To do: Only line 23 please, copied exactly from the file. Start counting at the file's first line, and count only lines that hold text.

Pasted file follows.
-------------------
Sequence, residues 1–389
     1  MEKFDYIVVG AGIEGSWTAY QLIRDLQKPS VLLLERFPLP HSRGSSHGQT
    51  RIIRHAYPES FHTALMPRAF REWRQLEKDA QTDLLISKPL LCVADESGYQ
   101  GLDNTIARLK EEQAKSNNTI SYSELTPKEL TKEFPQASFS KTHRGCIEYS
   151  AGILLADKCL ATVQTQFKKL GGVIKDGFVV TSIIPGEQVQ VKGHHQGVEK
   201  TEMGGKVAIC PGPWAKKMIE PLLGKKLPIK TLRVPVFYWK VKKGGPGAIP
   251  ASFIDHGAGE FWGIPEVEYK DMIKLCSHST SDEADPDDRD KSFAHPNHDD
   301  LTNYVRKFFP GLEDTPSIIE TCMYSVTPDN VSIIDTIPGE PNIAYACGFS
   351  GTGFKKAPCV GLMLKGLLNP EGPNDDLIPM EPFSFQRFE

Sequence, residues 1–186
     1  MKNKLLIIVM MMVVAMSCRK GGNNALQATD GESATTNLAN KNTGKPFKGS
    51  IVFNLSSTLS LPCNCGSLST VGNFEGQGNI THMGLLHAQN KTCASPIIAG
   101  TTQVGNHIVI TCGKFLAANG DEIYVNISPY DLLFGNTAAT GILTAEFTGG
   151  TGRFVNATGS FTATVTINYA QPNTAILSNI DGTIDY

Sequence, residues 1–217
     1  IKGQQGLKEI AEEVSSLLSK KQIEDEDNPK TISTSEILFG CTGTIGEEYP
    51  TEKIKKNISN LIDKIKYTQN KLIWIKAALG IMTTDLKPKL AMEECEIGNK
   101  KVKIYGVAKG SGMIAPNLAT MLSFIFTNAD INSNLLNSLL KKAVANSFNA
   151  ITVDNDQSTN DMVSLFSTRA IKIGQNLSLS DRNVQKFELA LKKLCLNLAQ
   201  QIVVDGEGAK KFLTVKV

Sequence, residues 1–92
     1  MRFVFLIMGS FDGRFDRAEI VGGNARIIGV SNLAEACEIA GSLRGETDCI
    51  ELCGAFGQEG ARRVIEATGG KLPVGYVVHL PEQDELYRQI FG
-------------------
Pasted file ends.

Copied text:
    51  ELCGAFGQEG ARRVIEATGG KLPVGYVVHL PEQDELYRQI FG